The title of this post was also the title of Lisa's sermon from the Thanksgiving service tonight at church. 1 Thessalonians and Acts 16 were called in to service. The first has Paul's admonition to pray without ceasing and give thanks in all things. The second is the story of Paul and Silas in prison, after having been beaten and put in stocks, sitting in their cell, singing hymns and praising God.
The service was wonderful, and fed me, spiritually, as well as forcing me to think about all sorts of things that made me uncomfortable, and see things in a new light. I am so pampered. I have a home, a family that is a greater blessing than I could ever have imagined. I am gainfully employed (for now), and am anticipating a wonderful Thanksgiving surrounded by my wife's family, with a table overflowing with food and conversation and laughter. I am healthy, almost robustly so, in better physical condition than when I was a high school athlete (too long ago to think about). I have good friends, a church family that is one of the most open, loving, giving communities imaginable. All that I could imagine complaining about is so small compared to the many blessings of a good God.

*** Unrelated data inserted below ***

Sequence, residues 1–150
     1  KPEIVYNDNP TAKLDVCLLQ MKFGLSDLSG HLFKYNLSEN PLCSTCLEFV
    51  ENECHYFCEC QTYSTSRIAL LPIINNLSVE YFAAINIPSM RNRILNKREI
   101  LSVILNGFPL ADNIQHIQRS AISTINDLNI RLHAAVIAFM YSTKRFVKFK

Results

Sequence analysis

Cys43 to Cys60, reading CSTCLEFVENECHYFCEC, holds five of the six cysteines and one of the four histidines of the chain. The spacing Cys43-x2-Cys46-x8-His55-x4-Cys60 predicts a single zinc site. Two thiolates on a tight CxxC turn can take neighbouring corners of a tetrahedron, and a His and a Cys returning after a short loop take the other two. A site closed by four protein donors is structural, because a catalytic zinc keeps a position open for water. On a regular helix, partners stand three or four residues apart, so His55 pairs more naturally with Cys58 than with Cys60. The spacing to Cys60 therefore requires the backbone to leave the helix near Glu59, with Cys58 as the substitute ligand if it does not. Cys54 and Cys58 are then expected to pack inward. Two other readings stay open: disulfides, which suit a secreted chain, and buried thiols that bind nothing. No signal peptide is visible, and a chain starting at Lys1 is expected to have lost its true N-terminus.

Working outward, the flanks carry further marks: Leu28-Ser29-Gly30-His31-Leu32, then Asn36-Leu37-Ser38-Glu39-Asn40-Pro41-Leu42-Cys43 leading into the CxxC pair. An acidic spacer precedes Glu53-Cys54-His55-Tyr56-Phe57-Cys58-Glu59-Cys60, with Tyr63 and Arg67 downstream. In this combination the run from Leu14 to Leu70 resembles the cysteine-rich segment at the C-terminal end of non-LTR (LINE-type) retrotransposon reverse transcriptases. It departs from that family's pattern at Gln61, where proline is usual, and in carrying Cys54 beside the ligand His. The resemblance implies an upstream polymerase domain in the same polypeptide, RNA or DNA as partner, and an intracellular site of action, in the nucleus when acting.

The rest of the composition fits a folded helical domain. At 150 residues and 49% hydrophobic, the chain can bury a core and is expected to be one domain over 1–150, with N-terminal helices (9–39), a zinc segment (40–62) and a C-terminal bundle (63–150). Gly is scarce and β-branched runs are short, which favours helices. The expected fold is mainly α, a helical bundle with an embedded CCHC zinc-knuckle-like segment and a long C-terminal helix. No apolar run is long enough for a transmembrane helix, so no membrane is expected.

Yet, complain I do, and usually content myself that, in so doing, I am only being human, nothing wrong with that. Except, of course, my complaints are a kind of spiritual forgetfulness, aren't they? They are, in a sense, a desire to want more. More comfort, have things go my way more. They are nothing more or less than attempts to make myself the center of action and attention. In reality, I have nothing at all to complain about; I am blessed beyond measure, and certainly beyond dessert, and should be thankful for all I have.
There is a deeper lesson here, for all of us. We have, all of us, desired so much more. More stuff, more freedom from the burdens of responsibility to our neighbors and communities. We would prefer the world understand us, rather than seek to understand others. We much prefer to be loved than to love. In the crush and pressure and stress not just of everyday life, but of our particular historical moment, we forget the many, many ways we have all been blessed, and how much of what we take for granted is nothing but dross, brands that should be plucked for burning. Our lives would be just as full if all that were gone in a flash, because we might then recall that it is God alone upon whom we should rely.
So, the irony is, it seems, that where there is faith, there are no dark places. . .